It’s all too easy to believe that the number of followers or ‘likes’ are an accurate barometer of how successful social media activity is. Of course, these are not referred to as ‘vanity metrics’ without reason – and for HR and recruiters the numbers are largely irrelevant.
As employers and recruiters have come around to embracing the potential that social offers, so too comes an increased pressure to measure ROI. This is understandable. It stands to reason that if you are investing more and increasing your budget for social media, you are going to take more of an interest in what return you are getting.
Measuring your social media ROI as a recruiter isn’t straightforward, but there are ways that it can be tracked.
1. Establish a level playing field
When it comes to measuring your social media ROI as a recruiter, you essentially need to measure it the same way that you would track ROI for any other part of your overall marketing efforts. You need a level playing field so that you are able to compare like for like.
Of course, that sounds obvious but many recruiters fail to accurately measure their use of existing methods, such as agencies, advertising and job boards. Most have an idea which channels are bearing the most fruit, but lack the data and specific analytics to back up their claims. Unless you know what your overall ROI is, it becomes very difficult to try to do the same with social media.
When measuring ROI you want to be in a position to decide which areas you should be focusing more to earn an even better overall ROI. Each source/method needs solid data as evidence.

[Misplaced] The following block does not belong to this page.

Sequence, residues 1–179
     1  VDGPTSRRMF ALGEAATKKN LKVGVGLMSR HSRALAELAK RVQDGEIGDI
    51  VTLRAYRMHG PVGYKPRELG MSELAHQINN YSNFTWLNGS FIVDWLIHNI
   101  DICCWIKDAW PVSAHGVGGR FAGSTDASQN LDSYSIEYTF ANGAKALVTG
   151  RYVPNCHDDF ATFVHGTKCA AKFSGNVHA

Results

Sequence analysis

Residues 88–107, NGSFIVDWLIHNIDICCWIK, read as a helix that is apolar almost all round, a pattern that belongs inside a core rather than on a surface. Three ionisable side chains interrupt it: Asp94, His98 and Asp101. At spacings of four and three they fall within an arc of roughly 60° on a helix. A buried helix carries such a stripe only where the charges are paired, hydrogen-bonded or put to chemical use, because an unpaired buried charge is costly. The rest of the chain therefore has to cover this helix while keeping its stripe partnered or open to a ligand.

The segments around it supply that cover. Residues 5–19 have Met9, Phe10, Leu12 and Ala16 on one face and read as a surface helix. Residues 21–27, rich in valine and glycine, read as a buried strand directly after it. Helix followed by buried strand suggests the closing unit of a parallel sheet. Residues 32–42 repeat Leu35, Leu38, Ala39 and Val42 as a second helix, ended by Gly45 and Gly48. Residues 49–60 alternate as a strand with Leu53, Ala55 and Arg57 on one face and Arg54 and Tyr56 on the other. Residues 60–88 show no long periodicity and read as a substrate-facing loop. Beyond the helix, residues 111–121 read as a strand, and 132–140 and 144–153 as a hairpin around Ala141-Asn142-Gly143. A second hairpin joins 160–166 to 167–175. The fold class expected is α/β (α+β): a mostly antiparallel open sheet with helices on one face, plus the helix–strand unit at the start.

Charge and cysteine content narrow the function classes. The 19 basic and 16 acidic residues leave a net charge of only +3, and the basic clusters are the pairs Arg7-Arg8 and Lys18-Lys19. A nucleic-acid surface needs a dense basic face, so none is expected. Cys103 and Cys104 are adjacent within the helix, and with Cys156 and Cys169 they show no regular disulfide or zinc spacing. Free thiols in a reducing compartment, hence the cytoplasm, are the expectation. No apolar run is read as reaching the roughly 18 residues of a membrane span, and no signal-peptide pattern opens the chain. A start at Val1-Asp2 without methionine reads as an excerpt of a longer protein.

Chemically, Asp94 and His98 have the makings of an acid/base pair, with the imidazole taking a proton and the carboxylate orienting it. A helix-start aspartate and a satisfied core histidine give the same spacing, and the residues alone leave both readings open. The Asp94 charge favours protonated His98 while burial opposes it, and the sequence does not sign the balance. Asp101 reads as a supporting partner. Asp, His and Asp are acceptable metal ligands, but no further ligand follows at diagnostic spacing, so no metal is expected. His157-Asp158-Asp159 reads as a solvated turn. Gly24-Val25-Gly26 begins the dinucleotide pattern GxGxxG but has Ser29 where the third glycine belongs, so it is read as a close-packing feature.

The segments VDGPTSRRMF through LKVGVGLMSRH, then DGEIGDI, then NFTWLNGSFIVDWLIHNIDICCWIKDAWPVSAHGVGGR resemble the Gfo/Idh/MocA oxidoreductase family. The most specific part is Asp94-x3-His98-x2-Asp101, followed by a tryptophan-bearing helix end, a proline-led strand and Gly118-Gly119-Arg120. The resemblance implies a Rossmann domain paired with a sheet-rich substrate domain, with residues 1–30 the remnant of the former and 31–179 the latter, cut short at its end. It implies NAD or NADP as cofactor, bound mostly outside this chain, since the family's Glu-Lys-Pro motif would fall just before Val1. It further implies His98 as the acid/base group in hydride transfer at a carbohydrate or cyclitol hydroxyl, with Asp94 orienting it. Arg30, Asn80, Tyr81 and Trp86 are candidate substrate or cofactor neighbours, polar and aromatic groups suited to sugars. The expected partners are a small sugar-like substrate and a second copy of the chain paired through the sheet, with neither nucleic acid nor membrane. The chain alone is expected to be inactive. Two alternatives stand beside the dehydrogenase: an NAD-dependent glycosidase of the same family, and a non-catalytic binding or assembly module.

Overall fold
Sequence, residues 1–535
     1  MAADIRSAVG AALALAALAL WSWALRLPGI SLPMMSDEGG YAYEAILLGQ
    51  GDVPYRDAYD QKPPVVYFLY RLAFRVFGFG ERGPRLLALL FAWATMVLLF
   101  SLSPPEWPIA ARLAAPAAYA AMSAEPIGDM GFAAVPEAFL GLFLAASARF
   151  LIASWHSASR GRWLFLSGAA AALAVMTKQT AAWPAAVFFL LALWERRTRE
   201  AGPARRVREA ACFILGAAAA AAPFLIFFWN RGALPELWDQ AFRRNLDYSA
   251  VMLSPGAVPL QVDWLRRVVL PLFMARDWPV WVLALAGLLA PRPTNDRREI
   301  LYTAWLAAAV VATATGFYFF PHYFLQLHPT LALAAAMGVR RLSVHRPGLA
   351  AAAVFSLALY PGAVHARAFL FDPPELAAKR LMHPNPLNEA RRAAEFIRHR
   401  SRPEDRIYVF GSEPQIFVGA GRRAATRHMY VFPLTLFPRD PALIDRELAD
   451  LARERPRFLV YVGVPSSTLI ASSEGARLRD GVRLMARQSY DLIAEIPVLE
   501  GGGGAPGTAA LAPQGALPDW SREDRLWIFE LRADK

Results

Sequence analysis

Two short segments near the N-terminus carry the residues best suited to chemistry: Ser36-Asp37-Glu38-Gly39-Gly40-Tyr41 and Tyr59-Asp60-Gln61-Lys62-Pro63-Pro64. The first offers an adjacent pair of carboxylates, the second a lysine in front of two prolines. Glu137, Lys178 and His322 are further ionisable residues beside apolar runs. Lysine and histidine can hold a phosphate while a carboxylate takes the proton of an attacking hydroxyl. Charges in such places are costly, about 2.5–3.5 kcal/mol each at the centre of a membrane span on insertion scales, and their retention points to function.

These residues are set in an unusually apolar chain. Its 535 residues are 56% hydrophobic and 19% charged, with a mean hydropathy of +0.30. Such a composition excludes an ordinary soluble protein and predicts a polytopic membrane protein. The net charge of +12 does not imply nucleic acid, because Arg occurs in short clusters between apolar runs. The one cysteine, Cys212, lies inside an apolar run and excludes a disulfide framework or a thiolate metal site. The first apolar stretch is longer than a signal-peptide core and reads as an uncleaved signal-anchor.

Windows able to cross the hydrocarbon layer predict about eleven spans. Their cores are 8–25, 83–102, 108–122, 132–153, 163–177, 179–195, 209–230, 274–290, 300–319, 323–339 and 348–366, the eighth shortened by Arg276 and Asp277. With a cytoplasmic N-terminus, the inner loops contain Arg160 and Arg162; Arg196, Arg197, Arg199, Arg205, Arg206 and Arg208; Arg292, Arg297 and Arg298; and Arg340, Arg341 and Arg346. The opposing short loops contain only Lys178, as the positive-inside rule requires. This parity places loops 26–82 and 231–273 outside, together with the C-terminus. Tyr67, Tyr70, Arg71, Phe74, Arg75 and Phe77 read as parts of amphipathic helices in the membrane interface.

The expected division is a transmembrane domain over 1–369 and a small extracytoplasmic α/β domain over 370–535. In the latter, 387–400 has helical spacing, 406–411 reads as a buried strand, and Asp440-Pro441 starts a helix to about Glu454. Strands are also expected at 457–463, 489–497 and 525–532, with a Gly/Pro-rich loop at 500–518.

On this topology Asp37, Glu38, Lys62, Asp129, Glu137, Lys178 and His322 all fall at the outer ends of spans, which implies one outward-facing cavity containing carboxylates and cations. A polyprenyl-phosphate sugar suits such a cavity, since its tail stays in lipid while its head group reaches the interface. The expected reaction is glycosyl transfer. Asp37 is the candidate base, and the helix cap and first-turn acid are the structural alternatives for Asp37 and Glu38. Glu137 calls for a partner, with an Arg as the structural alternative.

2. Define your goals
Your goals and objectives should be focused on what you value the most. You might have different goals at different times but the important first stage is establishing what they are. Cost per hire and time per hire are common ones, but there are many others that you could choose to focus on, such as the ratio of applications that reach the first interview stage. Alternatively, you might want to reduce your overall agency spend by sourcing more candidates through social.
Once your goals are clear, you need to benchmark and collect data that shows you what the ROI figures currently are for each source. These should be broken down as far as possible into categories and sub-categories, for example by location or type of role. You also need to factor in the amount of time that is being taken up on a particular source/channel.
4. Choose which metrics to use
With social media there is pretty much a metric you can measure for anything. Quality is more important than quantity and although source of hire, time to hire and the like are the most obvious, a social media strategy for recruiters should be about branding as well as sourcing. Pipelining – the way you build connections and grow your network – is also important for recruiters. As well as this, you need to ensure that you can accurately track candidates from each source – integrated into an Applicant Tracking System or by setting your own parameter links.
5. Have realistic expectations
Measuring ROI for recruiters presents many challenges but these are not insurmountable. That said the perceived difficulty to measure ROI puts some recruiters off. This is short-sighted and you should not be deterred. Once you have set your goals and established which metrics to focus on, if your social recruiting strategy is good it will bring results.
But expectations need to be realistic. It takes time and in terms of ROI you need to allow sufficient time so that you can gather a large enough body of data evidence to be able to inform future decisions.
Image courtesy of William Iven